Perhaps some of these organizations are misunderstood. If that’s the case, I truly hope that they do the necessary work to make change and align their internal missions with external perception. Maybe a redefinition of who they serve or a revamp of the hows and whys of doing what they do is needed. Additionally, a reminder needs to be given that there isn’t much room for ego in community work. All critique and criticism isn’t cruel – more often, it’s a sign that your community is invested in what you do and wants you to do even better, so disparaging that response isn’t always a smart move.

Then again, maybe I’m the one who is looking at this all wrong. Maybe I’m expecting things of people and executives and institutions that they aren’t meant to deliver. When it comes to carding or police brutality or fighting for higher minimum wage or support for Black women, maybe I’m waiting for people to speak when they truly have nothing to say. What I do know is this: your silence speaks volumes, and I hear you loud and clear.

DON’T BOW DOWN: Thoughts Inspired By Michael Brown & Ferguson



It hurts to say this, but I had a moment last week where I looked at my daughter and wondered, “What did I do? This might have been a mistake.”

Not because I regret her presence. Not because I think I’m a terrible mother (well, I have had those thoughts, but that’s another #BROWNSUGAMAMA post for another day). No, I looked at my daughter’s face as she slept and wondered if I made a selfish mistake to bring her into this world, because I wonder what “surviving while Black” will look like for her. In the case of Michael Brown, John Crawford, Renisha McBride and so many others, it’s quite clear that there is still a critical struggle to see the value in Black lives.

I’ve been glued to all things #MikeBrown and #Ferguson since the news started trickling down – then flooding –  my Twitter timeline on August 9th. The fact of the matter is this: Michael Brown, a Black 18-year-old, was shot multiple times and murdered by Darren Wilson, a White cop in Ferguson, Missouri.

Both victim and killer are gone.

One is waiting to be laid to rest after laying in the street for hours post-shooting, after enduring autopsy after autopsy, after using science to shed light on the truths his body holds.

The other has seemingly vanished behind a protective wall of blue, on paid leave while receiving over $100,000 in GoFundMe donations from other police officers, bigots, and racists alike.

Through it all – the mishandling of Brown’s body, the attempts to assassinate his character, the lies told by Wilson and the police department, the treatment of protesters in Ferguson, the mixed messages between mainstream and independent media, and the brazen boldness of racists with internet access – I’m not sure how anyone can cling to the claims of living in a post-racial society. If the jig was ever present, it is now up.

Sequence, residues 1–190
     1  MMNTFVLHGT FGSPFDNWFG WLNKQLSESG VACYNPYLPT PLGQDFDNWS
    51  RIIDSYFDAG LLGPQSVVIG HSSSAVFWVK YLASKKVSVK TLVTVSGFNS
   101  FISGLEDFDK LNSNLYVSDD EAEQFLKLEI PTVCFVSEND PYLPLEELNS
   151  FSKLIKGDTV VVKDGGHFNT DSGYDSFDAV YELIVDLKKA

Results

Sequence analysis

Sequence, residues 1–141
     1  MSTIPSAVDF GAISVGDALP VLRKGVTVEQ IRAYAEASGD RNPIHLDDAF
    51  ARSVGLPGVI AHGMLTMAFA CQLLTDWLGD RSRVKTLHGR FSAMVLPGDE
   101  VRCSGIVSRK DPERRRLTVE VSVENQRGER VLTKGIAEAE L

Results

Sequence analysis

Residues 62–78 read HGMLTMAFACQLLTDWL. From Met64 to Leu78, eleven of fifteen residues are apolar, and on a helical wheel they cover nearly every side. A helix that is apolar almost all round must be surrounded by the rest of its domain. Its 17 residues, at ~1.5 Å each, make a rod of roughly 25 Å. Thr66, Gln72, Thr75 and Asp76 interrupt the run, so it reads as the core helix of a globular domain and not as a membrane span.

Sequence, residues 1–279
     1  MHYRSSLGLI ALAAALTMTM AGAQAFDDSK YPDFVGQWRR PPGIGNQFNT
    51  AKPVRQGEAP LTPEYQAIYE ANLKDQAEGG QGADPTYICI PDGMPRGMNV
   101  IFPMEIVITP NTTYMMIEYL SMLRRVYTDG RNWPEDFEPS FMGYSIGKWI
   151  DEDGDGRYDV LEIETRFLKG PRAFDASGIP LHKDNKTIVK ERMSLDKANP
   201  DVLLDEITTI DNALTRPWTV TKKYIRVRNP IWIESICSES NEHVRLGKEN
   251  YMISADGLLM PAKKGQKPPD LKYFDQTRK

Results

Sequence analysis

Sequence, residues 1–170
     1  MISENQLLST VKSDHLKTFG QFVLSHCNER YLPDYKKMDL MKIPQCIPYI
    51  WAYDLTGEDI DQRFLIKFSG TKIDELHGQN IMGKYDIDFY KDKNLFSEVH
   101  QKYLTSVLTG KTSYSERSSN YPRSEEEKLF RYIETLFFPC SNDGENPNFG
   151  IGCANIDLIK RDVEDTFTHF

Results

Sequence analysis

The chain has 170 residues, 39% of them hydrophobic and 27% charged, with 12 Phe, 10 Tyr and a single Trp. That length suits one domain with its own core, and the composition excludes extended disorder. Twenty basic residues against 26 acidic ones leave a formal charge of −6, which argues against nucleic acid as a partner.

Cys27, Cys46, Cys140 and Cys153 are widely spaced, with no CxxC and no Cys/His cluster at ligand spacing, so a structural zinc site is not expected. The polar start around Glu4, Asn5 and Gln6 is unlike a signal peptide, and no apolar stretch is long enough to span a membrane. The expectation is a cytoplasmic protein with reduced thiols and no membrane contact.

It seems that when Black bodies aren’t being seen as curiosities to be prodded and examined, they’re being seen as threats to be exterminated. Some remain under the belief that respectability politics around pulling up our pants and not dressing like “thugs” and “hoes” will save us, but that negates the fact that Blacks have been harrassed, attacked, beaten, lynched, and shot wearing their Sunday best for decades. Others say well-intentioned yet erroneous statements like “I don’t see colour” or “We’re all just one race” when neither colour nor race is the issue. The beauty in our differences gets marred by the ugliness of bigotry and racism – and it’s that evil that is the real enemy. Do I want to be colourless and melt into one overarching race? No. Do I want to be respected as the brownskinned Black Canadian woman of Jamaican descent that I am? Yes. Frankly, you’ve got me f*cked up if the only way I can earn my humanity is to erase any flavour of individuality that has been handed down to me by my ancestors.

I’m tired of feeling like I have two strikes against me as a Black woman, and I’ll be damned if I allow my daughter to feel the same. I’m tired of worrying about my husband, my brother, my father – living/working both in Canada and in the States, being harassed by police both in Canada and in the States, being feared and having to prove their humanity both in Canada and in the States. I’m tired of snatching the rose-coloured glasses off of people who think we live in a utopia; who think that racism will disappear when victims of racism stop talking about the abuse they experience at the hands of racists. I’m tired of people demanding perfection from Black folk – a perfection that is killing some of us in attempts to attain it, and finding many of us dead in spite of it. I’m tired of deceased Black men and women being put to trial for their own murders, being convicted with harsher penalty than the real criminals. I’m tired of helplessly mourning lives taken by cowards who hold the weapons yet play the victim when face-to-face with skin darker than theirs. I’m tired of being tired and refuse to bow out of the fight. Joining the ranks of Black motherhood in this day and age requires a new burst of energy to protect my child and initiate as much change as possible to make her world a bit better, more liveable, more survivable.